So since I already have #1 (well... I have a moderate amount of talent... :roll: ), can I ask for the 2nd part of #2 (the part about having a strong work ethic) so that I don't have to give up my natural talent? :) 8)
 
#12
Laura said:
Hummm, interesting question. Difficult to answer, but I'm going to go with #2 simply because I've seen a number of immensely talented dancers without good work ethics come and go. I knew this one guy who was beautiful, very nice dancer, his mom wanted to send him to Italy for a summer to train and he said no! Man, if someone offered me a summer in Italy to work my feet off on my dancing, I'd go buy the "Teach Yourself Italian" tapes today.
Why Italy? And where in particularly :?:
 

Laura

New Member
#13
I believe it was to train at Augusto Schiavo's studio. I don't know what city it is in. But the young man didn't want to go. Oh well, we all make our own choices in life....
 

pygmalion

Well-Known Member
#14
You're kidding!?! He turned down an opportunity very few ballroom people (with half a brain in their heads) would. I guess he had the right to make his own choices ... :?
 

Laura

New Member
#15
It might have been at Massimo Giorgianni's studio. I used to confused those two all the time. But still, it was DEFINITELY a big name in Standard from Italy.

The guy in question doesn't even compete in ballroom anymore. So there's a case where talent and natural ability went for nothing because he just didn't want to do it.
 

pygmalion

Well-Known Member
#16
To be honest (and to violate my own rules LOL) I think that, if you're going to make it to world class, you have to have both. Talent and a heck of a lot of hard work.

At lower tiers (like mid-level local dance coach, for example) one or the other may suffice.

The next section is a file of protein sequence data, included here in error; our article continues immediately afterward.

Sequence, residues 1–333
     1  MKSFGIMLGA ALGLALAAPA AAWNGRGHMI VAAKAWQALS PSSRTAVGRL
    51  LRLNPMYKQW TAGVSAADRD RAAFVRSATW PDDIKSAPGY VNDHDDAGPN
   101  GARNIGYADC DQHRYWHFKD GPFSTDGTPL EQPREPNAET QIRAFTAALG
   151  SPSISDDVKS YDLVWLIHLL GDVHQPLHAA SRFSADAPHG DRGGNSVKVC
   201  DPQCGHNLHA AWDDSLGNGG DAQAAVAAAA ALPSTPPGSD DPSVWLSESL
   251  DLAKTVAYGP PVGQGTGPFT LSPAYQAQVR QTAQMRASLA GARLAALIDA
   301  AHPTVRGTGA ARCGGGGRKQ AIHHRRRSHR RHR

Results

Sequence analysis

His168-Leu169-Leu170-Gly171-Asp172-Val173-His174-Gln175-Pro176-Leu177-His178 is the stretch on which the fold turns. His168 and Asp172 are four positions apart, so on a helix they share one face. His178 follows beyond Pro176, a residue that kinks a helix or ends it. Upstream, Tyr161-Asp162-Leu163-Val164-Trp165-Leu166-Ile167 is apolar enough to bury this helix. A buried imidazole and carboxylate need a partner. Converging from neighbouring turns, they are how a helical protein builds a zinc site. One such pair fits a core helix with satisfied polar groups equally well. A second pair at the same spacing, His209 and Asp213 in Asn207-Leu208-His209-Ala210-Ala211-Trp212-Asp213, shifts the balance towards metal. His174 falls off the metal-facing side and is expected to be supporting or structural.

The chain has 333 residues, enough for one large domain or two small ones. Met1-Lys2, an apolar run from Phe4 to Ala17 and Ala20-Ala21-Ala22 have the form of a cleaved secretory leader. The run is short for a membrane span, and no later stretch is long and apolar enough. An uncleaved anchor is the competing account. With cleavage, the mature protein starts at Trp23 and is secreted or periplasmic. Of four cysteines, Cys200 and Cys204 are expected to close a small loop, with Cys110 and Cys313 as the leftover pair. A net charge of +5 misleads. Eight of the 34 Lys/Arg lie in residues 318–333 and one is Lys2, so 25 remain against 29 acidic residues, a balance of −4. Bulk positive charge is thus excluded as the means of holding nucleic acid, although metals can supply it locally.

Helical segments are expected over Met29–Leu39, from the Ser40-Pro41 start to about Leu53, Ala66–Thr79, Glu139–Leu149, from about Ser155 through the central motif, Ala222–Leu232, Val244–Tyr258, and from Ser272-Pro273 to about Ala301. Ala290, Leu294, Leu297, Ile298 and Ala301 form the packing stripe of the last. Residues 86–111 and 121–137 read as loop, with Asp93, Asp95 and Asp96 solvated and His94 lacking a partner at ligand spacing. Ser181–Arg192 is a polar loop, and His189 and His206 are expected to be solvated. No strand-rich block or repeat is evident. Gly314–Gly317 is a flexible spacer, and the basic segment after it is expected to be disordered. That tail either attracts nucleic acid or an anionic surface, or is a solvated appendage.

But I really do believe that having exceptional talent at the start makes it more difficult to get to the finish line. Meaning, at the beginning levels, quite naturally, you excel because of God-given talent, if you're very talented. But a whole lot of average people are willing to go above and beyond the call of duty to succeed. So if you, the top 10%, talent-wise, sit on your butt, you're going to lose, eventually. Just my two cents. *shrug*
 
#17
Id have to choose #2.


Wheres the satisfaction in winning if you arent really working for it? Id rather know I have given it my everything, dedication, sweat , tears.. than win with minimal effort and lack of dedication to the sport because I happen to have natural ability..
 

chachachacat

Well-Known Member
#18
labelledanseuse said:
Partner dancing comes pretty naturally to me since I've been doing other types of dancing for 9 years. I pick up new things in ballroom dancing pretty quickly and I am OK at them, but not great because I hardly ever practice on my own time like when I'm at home. Each week, I just go to 1 private lesson and 4 group classes with no practicing in between. :oops:

So since I already have #1 (well... I have a moderate amount of talent... :roll: ), can I ask for the 2nd part of #2 (the part about having a strong work ethic) so that I don't have to give up my natural talent? :) 8)
A haHAH! NO, HECK NO! We'd all like to say that! Give me Both!
:nope:
I wrote about the choice as presented, within those infuriating parameters. I wouln't want to wake up one day with average talent! No way. This wasn't my personal choice - I'd take the talent and run and have fun! :D
 

chachachacat

Well-Known Member
#19
Laura said:
I believe it was to train at Augusto Schiavo's studio. I don't know what city it is in. But the young man didn't want to go. Oh well, we all make our own choices in life....
I'd be there in one hot Italian second!!!!!!!!! :!: :p :D :D Augusto? :shock: :shock: :D :D
 

Warren J. Dew

Well-Known Member
#20
pygmalion said:
Which would you choose, if your ultimate goal was to become a world class competitive ballroom dancer? Unlimited talent, or hard work?
Hey, this is a trick question. If I get talent from the fairy godmother, I get it for free, but if I get hard work from her, I still have to spend my own hard earned time on it?

If I got the hard work for free, too - say, I could snap my fingers and say, "I work the equivalent of six months on this", and I get the result - hard work, definitely.

Talent is just another word for what the coach doesn't know how to teach. If you know what to work on, you can get the talent by working on it.